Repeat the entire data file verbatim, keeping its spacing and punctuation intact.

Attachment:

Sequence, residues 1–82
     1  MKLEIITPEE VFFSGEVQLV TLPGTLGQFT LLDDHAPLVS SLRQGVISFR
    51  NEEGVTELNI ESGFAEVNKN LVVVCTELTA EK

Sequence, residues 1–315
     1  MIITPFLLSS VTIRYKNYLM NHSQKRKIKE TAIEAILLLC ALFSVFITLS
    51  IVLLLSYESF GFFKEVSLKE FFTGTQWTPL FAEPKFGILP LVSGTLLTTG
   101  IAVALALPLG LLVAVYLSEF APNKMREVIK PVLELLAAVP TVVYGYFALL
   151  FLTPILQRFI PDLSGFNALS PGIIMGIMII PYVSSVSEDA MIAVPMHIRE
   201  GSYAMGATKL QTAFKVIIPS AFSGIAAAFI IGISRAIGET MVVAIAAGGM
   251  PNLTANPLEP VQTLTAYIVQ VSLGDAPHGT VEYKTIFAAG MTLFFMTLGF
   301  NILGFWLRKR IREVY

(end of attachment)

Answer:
Sequence, residues 1–82
     1  MKLEIITPEE VFFSGEVQLV TLPGTLGQFT LLDDHAPLVS SLRQGVISFR
    51  NEEGVTELNI ESGFAEVNKN LVVVCTELTA EK

Sequence, residues 1–315
     1  MIITPFLLSS VTIRYKNYLM NHSQKRKIKE TAIEAILLLC ALFSVFITLS
    51  IVLLLSYESF GFFKEVSLKE FFTGTQWTPL FAEPKFGILP LVSGTLLTTG
   101  IAVALALPLG LLVAVYLSEF APNKMREVIK PVLELLAAVP TVVYGYFALL
   151  FLTPILQRFI PDLSGFNALS PGIIMGIMII PYVSSVSEDA MIAVPMHIRE
   201  GSYAMGATKL QTAFKVIIPS AFSGIAAAFI IGISRAIGET MVVAIAAGGM
   251  PNLTANPLEP VQTLTAYIVQ VSLGDAPHGT VEYKTIFAAG MTLFFMTLGF
   301  NILGFWLRKR IREVY